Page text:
February 21 to 24 was Fair Dealing Week at the University of Alberta. On the opening day our director, Linda Cameron, was a member of a panel called Fair Dealing: How fair is it? Other panelists included Cameron Hutchison, UAlberta Faculty of Law and Howard Knopf, Macera & Jarzyna, Ottawa.
The highlight of Linda’s presentation included the economic impacts of fair dealing based on a report commissioned by Access Copyright and prepared by Price Waterhouse Cooper (PwC). The economic impacts of the Copyright Modernization Act (2012) and the resulting fair dealing guidelines have been widespread. Movement away from collective licensing by K-12 and post-secondary institutions through Access Copyright and the application of fair dealing guidelines have resulted in a drastic decline in revenues for many educational and trade publishers.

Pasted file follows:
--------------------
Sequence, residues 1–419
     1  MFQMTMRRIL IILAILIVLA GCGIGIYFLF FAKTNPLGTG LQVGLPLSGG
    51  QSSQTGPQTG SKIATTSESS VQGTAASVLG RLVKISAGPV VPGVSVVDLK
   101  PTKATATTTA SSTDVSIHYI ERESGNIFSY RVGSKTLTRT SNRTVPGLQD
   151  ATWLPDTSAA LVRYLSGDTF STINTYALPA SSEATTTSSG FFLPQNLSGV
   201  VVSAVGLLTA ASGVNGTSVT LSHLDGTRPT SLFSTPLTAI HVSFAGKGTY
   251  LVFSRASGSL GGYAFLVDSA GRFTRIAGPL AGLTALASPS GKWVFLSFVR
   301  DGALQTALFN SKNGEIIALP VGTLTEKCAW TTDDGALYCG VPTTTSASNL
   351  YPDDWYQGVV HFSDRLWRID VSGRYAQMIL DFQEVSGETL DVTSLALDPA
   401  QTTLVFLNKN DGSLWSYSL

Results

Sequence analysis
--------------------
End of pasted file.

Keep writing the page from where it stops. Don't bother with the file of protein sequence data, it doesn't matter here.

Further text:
The PwC report clearly demonstrates that, “Without licensing income—a significant source of income for content producers…many Canadian publishers will not only reduce their content output, but may be forced to exit the educational publishing market.
At UAlberta Press we understand the social value and virtue of sharing ideas widely; we are, after all, a scholarly publisher who seeks to do exactly that for our creators. The people we publish are scholars and writers who spend years researching, contemplating, and experiencing: they then bring that creative thought and knowledge into their written work.
During her presentation, Linda noted the permissions policy we follow when working with another’s intellectual property. A lot of thought and discussion went into the development of the UAlberta Press permissions policy, and not all of it focussed on Canada’s 2012 Copyright Modernization Act and the guidelines around fair dealing.
We pay respect, not by simple adherence to a particular copyright act, nor by considering what we can “get away with” under the law. Instead, we look at intellectual property as a manifestation of a particular form of very hard work and deserving of utmost respect.
We will leave off with a question for authors and other creators: What approach do you take to permissions, citations, and attributions? What do you think is fair?